Col. Paul Arcari, USAF (Ret), the galvanizing voice who helped move the military from the draft to the all-volunteer force while crusading for proper pay raises and health care after service, died Dec. 1. He was 88.
Arcari, a relentless force for troops on Capitol Hill, was genuinely modest and equally respected by those who agreed with and opposed him, friends said. He devoted his life to serving others through the Air Force and The Retired Officers Association (TROA), which became MOAA after a 2003 name change.
“He was the champion of doing the right thing by military people – even when it wasn’t the popular thing to do, even when there were budget constraints,” said Col. Steve Strobridge, USAF (Ret), a friend and former colleague of Arcari who took over as director of government relations for TROA when Arcari retired in 2001, fighting for troops, officer and enlisted, across every branch of the uniformed services. “Paul – in both his professional and private life – devoted himself to others.”
Arcari is survived by his wife, Terry, and was a devoted family man, Strobridge said.
“MOAA is deeply saddened by the passing of Colonel Arcari, and we offer our support to his family at this difficult time,” said Lt. Gen. Dana Atkins, USAF (Ret), MOAA president and CEO. “We can best honor his legacy by continuing his work to preserve the earned benefits of those who have served this nation. We hope to serve MOAA members and the wider military community with the same passion and effectiveness he showed during his decades of work on their behalf.”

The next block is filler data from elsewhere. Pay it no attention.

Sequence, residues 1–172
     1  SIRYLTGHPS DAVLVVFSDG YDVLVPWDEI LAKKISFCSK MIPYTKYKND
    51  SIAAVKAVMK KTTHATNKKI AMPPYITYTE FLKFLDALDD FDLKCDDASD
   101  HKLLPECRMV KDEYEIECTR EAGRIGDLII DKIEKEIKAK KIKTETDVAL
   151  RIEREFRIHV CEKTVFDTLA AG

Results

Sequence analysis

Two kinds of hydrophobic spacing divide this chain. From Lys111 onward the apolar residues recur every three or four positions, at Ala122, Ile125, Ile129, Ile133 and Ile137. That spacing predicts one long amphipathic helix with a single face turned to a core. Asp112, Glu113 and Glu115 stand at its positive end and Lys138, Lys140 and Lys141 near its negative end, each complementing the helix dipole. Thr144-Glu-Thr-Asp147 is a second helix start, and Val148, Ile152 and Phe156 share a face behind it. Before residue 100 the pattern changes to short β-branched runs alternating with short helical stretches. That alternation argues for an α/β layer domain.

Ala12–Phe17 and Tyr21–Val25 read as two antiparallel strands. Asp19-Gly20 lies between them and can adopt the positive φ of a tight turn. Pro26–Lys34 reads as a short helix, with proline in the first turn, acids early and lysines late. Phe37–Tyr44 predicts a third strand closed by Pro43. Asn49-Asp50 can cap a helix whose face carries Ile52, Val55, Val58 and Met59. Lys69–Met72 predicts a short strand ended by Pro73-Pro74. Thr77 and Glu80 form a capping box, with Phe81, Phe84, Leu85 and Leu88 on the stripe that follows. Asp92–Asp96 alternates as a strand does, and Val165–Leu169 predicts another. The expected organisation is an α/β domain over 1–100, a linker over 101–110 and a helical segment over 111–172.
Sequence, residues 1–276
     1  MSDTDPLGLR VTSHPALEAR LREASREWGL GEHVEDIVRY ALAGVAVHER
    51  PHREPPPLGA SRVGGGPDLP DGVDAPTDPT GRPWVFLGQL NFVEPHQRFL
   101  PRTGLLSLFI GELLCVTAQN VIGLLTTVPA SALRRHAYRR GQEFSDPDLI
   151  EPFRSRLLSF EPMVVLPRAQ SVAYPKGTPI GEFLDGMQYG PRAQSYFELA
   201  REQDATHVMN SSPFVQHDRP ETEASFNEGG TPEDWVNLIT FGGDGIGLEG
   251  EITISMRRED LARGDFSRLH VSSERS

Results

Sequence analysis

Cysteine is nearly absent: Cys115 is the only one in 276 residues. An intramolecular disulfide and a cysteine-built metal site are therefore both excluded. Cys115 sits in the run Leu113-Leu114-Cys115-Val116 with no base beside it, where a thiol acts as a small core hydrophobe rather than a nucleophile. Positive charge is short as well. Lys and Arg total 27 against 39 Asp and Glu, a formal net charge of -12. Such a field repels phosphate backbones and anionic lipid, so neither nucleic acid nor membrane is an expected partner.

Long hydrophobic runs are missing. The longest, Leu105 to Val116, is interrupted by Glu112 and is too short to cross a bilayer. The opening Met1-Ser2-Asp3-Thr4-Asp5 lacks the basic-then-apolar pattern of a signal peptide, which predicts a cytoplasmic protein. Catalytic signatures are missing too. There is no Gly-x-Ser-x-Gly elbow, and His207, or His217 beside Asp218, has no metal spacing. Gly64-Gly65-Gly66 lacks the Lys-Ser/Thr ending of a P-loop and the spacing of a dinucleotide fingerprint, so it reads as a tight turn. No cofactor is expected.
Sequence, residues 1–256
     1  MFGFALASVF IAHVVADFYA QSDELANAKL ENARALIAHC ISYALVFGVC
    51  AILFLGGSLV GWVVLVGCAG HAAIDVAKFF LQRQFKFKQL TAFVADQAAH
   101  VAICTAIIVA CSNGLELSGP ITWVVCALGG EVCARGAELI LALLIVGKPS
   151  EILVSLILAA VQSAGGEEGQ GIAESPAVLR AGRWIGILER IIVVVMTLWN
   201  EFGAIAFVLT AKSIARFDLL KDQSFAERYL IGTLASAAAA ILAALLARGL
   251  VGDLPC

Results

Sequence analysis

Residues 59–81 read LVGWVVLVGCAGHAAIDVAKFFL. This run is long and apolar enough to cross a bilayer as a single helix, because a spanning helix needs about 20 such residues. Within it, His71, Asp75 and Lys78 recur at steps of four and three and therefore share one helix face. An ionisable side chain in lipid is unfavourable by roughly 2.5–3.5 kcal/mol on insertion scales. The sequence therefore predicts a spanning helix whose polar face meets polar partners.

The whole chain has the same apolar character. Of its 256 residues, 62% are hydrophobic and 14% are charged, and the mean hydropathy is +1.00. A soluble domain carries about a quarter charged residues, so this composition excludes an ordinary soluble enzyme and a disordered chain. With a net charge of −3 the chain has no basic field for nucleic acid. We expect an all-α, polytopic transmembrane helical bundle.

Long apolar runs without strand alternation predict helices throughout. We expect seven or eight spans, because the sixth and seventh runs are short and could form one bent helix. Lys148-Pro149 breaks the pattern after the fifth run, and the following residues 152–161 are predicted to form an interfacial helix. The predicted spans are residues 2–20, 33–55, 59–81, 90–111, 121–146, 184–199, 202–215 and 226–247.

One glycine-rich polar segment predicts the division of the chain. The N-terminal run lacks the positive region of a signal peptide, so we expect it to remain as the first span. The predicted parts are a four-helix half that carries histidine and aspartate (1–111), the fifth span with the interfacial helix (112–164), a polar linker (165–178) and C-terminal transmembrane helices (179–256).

Arcari began his career in 1955 when he was commissioned into the Air Force from Trinity College in Hartford, Conn. As a command navigator, he amassed more than 5,800 flying hours, including 418 combat missions in a C-130 over South Vietnam and other areas in theater from 1967 to 1968. His decorations include the Distguished Flying Cross.
His next assignments revolved around researching and developing military pay and benefits for consideration by Congress. His research on troop pay is attributed to the decision to eliminate the draft and make possible the all-volunteer force.
Arcari capped his 30-year military career with an assignment as the chief of the Air Force’s entitlements division. In that role, he was responsible for policy on all matters involving pay and entitlements, including the military retirement system and the Civilian Health and Medical Program for Uniformed Services (CHAMPUS), which was revamped and renamed TRICARE in 1993.
Arcari continued public service after he left the military. That’s when he joined TROA as its government relations director.
Col. Paul Arcari, USAF, right, speaks with then-TROA President Lt. Gen. Mike Nelson, USAF (Ret), in Washington, D.C. (Steve Barrett for MOAA)
Understanding the strength of unified voices, he worked to gather together several veteran service organizations to help create The Military Coalition. Decades later, the coalition continues to advocate for veterans on the Hill, representing the voices of a combined 5.5 million past and present servicemembers, their families, and survivors.